From FinOps, an operational model where cross-functional stakeholders partner together using both processes and tooling to understand and manage costs, to AIOps, the concept of using artificial intelligence/machine learning to parse log data and predict adverse events and even mitigate risks before adverse events occur, it’s clear that this next decade will see even more changes than we saw over the past two decades.

But many organizations aren’t prepared to adopt these new approaches and technologies quite yet. Often wrestling with both the intense pressure to shift legacy applications to the cloud while also managing the growing complexity and costs of the applications that have already made the transition, there must be a way to find relief without waiting for the promise of either FinOps or AIOps.

An Application Optimization Crystal Ball?

Recent history has already given us a glimpse of this shift toward machine learning-driven solutions. Hardware infrastructure vendors in the storage market, for example, have been implementing ML to predict impending component failures and even forecast resource constraints for a decade. This proverbial “storage infrastructure crystal ball” has served to effectively deprecate the role of storage administrators in many organizations.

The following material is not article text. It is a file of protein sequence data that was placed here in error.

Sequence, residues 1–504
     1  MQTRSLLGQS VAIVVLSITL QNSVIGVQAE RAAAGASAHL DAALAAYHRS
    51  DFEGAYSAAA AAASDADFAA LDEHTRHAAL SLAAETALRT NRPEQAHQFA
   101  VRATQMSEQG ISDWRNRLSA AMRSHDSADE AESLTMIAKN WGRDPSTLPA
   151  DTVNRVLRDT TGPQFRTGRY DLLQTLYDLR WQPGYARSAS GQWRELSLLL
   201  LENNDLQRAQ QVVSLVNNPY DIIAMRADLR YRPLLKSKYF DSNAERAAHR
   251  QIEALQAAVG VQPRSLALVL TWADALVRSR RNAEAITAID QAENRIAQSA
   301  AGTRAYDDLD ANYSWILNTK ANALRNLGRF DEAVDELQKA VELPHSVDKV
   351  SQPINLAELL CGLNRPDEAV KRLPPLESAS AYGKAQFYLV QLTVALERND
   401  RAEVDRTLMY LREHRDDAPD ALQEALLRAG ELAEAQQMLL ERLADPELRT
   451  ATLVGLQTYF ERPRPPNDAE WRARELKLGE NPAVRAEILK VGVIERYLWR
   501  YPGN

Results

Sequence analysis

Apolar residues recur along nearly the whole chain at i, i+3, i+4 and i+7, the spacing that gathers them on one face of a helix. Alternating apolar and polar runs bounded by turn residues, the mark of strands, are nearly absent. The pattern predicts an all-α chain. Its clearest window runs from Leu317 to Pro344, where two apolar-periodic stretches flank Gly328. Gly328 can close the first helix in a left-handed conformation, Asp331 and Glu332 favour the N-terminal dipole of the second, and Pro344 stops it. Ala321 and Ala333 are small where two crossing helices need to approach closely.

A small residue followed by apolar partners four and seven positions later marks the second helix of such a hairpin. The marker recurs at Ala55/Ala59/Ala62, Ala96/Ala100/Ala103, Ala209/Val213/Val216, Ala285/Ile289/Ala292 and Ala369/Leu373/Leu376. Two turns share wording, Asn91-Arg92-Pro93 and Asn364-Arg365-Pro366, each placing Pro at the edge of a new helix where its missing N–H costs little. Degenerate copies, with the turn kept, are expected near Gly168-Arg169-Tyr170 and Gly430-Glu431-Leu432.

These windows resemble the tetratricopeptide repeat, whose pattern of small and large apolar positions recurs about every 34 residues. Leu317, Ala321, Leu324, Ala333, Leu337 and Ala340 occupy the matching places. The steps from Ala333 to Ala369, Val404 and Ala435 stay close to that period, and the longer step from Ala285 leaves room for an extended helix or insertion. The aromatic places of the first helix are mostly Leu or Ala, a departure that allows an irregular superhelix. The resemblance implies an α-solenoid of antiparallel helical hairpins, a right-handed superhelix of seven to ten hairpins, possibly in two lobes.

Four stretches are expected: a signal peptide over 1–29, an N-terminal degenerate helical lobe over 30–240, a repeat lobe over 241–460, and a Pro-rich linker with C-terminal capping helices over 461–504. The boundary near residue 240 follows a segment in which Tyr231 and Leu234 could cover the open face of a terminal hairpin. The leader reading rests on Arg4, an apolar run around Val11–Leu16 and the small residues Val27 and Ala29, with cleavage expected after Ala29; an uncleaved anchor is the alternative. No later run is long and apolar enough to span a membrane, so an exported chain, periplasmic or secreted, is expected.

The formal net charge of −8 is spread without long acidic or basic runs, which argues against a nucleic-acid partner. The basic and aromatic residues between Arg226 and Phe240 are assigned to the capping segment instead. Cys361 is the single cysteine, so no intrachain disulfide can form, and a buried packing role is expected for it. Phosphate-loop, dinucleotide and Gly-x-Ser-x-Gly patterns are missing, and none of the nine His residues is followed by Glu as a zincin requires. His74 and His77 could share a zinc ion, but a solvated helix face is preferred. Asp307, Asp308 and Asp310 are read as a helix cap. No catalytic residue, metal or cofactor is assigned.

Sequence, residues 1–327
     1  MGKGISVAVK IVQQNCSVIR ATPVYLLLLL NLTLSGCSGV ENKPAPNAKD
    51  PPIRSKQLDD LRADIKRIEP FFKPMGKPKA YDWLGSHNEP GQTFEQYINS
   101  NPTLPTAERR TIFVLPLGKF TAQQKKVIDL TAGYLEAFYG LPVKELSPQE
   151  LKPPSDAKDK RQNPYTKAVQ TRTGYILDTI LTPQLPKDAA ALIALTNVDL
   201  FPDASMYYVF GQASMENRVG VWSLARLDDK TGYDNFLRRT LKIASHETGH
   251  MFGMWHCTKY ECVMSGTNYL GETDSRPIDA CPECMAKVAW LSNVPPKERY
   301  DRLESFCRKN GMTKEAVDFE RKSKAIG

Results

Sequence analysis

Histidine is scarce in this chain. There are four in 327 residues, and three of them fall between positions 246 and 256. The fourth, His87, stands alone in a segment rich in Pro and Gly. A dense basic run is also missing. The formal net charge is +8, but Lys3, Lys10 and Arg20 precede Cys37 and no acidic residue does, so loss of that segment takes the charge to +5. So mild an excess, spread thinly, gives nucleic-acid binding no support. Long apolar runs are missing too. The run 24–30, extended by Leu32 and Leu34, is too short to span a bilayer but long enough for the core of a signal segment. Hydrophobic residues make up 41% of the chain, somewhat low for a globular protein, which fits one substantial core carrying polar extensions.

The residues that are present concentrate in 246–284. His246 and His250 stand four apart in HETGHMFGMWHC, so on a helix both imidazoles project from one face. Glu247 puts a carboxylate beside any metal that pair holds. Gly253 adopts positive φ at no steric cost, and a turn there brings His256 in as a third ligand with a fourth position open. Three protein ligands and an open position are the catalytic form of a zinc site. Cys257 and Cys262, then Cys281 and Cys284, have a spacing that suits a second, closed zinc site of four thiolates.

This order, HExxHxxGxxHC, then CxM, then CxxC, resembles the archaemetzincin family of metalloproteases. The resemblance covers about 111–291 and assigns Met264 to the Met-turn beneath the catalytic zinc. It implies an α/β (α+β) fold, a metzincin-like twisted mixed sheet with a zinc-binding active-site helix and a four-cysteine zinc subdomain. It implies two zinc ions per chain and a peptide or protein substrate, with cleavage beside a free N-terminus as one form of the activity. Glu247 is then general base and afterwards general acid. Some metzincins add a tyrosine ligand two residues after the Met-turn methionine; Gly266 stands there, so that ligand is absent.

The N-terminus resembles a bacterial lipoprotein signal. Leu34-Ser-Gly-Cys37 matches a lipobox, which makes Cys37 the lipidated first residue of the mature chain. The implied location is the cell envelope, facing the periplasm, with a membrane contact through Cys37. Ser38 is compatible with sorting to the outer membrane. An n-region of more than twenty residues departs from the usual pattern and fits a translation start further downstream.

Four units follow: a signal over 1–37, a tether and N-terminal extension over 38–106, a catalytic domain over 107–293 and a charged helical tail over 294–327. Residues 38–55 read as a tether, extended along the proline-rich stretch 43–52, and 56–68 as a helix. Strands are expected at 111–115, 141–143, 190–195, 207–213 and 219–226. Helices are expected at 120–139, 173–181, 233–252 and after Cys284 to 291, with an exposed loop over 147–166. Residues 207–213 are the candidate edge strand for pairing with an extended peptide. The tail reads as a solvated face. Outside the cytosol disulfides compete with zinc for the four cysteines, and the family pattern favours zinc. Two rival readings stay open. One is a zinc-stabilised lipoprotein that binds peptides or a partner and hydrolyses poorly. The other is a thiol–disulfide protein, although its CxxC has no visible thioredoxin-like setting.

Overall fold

As organizations shift to using Kubernetes, it seems obvious that one way of pre-empting waste and controlling costs while ensuring availability and performance for applications (aka: The Unicorn) is to implement ML-driven testing and optimization within software development and delivery models like CI/CD.

This approach creates an “application optimization crystal ball,” both recommending fixes to inefficiencies in already-deployed applications as well as serving as a quality gate ensuring any new deployments meet the business’s intent.

Kubernetes, rife with complexity and with no shortage of observability challenges, is a perfect place to apply ML.

In fact, combining the immense challenge with a marketwide skills shortage, deploying Kubernetes at scale without ML is a recipe for certain disaster.

So as we seek to break the rhythmic cadence of boom/break/fix, Kubernetes — a word with no rhyme — represents a fitting milestone to end this cycle.

If you’re interested in learning more about the challenges of Kubernetes at scale, and the role of ML in breaking this cycle, our upcoming webinar on June 17 will include more details on this subject.

Lead image via Pixabay.